Essentially I've (disregarding exception handling, etc.):
connection.setAutoCommit(false); Statement statement1 = connection.createStatement(); statement1.executeUpdate("..."); statement1.close(); Statement statement2 = connection.createStatement(); statement2.executeUpdate("..."); statement2.close(); connection.commit();
Basically understand properly it should not have impact because all it truly does is free of charge the assets for that GC. Especially with Derby: You need to clearly close Claims, ResultSets, and Connections whenever you no more need them. Connections to Derby are assets exterior for an application, and also the garbage collector won't close them instantly.
However does it cause any difficulties with the transaction? I do not believe the transaction depends on the Statement. Can anybody insert this?
Absolutely, you are able to close them, and you ought to.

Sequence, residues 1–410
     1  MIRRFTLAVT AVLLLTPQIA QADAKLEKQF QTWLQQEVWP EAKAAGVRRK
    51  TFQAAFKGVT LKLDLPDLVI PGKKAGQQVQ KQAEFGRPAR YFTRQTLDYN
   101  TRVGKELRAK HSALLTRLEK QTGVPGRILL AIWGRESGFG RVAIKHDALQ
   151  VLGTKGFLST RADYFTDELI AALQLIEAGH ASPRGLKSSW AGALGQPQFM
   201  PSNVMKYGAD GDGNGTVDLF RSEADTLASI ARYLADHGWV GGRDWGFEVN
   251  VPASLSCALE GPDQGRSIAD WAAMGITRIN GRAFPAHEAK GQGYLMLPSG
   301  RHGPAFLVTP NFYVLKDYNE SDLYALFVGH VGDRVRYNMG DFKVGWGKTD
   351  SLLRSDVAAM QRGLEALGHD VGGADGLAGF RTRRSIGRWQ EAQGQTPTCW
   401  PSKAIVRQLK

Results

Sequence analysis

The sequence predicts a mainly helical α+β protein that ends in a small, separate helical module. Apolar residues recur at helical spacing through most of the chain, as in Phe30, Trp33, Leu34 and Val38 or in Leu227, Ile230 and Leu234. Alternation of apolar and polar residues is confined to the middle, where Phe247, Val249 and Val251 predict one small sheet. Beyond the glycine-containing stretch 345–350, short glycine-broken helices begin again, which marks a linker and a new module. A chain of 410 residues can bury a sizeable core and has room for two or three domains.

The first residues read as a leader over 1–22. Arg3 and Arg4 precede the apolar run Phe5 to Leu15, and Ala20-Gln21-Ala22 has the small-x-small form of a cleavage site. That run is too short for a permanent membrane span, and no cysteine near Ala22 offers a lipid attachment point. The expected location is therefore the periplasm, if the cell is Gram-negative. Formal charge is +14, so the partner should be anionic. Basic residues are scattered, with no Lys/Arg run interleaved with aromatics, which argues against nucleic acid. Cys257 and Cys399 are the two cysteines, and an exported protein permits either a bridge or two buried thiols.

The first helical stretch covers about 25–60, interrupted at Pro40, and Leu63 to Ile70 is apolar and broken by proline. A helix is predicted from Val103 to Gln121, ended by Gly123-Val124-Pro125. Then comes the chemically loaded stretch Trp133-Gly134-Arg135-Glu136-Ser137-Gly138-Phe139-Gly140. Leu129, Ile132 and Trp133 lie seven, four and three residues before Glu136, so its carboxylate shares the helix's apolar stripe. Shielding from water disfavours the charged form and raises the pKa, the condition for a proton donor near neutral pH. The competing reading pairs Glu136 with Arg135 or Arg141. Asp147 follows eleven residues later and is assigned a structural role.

In most cases, when a
Statement is performed, the actual datasource/database accounts for making certain effective execution. Any failures are required to lead to
SQLExceptions being tossed within the
Statement.executeXXX invocations. And then any effective execution would increase the risk for database monitoring these updates inside a temporary course. Carrying out the transaction basically guarantees the updates triggered through the claims are written to some durable store, in the temporary course. This really is frequently the situation in manyOrall databases.
Therefore, it is safe to shut a
Statement object when you no more require it, without experiencing any unwanted effects within the transaction.
Yup. Its a sensible practice and method of close statement before carrying out the transactions.